• daran
      August 15, 2012 at 4:47 PM

      Naturatl selection is the way of the world, the weaker and slower animals get weeded out.
      But Darwins theory of evolution is just that, a theory.
      No transitional fossils have been found.
      At school we were told about the “simple cell”
      Turns out that there is no such thing, cells are incredibly complex
      Abiogenis is a ridiculous theory, life spontaneously formed from a primordial soup!
      There are no facts, only a weak theory.
      People just believe without checking the facts.
      Dont believe in God? So what, please come up witha better theory than the moronic darwin theory

      • August 15, 2012 at 5:25 PM

        You need to learn science, Dude. You are the one who is really out of touch.

        This is a science-based blog. Please read the comments before attempting to reply with stuff like this.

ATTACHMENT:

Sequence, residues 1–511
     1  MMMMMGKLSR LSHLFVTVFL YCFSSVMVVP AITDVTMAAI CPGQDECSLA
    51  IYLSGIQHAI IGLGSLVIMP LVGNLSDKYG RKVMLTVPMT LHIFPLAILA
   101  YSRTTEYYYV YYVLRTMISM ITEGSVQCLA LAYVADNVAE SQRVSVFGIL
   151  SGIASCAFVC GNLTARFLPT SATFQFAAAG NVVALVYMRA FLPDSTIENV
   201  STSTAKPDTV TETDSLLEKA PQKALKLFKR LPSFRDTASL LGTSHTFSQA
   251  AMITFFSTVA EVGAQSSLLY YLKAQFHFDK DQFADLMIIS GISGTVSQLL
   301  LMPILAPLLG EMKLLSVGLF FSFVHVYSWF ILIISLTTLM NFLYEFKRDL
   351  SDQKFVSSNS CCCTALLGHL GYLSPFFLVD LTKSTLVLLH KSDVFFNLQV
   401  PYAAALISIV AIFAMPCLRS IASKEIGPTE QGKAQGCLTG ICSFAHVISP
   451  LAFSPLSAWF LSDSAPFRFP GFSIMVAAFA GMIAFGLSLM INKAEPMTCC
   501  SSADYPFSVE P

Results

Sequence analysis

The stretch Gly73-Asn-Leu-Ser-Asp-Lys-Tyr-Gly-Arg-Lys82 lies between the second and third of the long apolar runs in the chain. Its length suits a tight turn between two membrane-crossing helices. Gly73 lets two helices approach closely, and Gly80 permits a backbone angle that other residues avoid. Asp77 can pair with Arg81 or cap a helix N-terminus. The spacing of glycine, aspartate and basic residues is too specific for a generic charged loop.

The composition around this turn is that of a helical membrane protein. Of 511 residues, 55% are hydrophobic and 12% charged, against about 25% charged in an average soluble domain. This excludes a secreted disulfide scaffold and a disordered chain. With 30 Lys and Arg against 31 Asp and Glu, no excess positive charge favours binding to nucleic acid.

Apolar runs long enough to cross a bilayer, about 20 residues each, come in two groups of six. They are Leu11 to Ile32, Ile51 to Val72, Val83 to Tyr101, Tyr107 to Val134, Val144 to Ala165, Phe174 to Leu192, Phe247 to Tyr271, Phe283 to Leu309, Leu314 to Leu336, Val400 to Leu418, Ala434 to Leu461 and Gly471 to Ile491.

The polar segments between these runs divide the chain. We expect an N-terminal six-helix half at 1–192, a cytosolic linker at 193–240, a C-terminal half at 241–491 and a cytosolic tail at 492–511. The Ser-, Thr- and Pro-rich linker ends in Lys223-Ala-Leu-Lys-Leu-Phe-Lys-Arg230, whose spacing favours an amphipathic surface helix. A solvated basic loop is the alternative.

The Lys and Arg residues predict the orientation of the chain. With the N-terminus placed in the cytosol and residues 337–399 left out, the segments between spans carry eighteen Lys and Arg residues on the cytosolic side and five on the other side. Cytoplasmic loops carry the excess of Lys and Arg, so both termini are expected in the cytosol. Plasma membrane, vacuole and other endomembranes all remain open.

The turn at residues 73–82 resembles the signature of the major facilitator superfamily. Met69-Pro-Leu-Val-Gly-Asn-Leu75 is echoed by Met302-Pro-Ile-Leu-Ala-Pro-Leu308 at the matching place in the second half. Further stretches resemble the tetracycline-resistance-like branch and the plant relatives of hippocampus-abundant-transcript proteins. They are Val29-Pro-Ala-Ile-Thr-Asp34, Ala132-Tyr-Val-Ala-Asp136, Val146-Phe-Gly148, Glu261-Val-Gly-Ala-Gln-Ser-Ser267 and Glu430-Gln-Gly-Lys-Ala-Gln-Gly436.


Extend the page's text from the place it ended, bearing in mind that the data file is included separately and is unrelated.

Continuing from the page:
• Chew
        August 15, 2012 at 6:09 PM

        Guess which definition scientists use when they say something is a “theory”?

        the·o·ry
        noun \ˈthē-ə-rē, ˈthi(-ə)r-ē\
        plural the·o·ries
        Definition of THEORY
        1: the general or abstract principles of a body of fact, a science, or an art
        2: a plausible or scientifically acceptable general principle or body of principles offered to explain natural phenomena —see atomic theory, cell theory, germ theory
        3: a working hypothesis that is considered probable based on experimental evidence or factual or conceptual analysis and is accepted as a basis for experimentation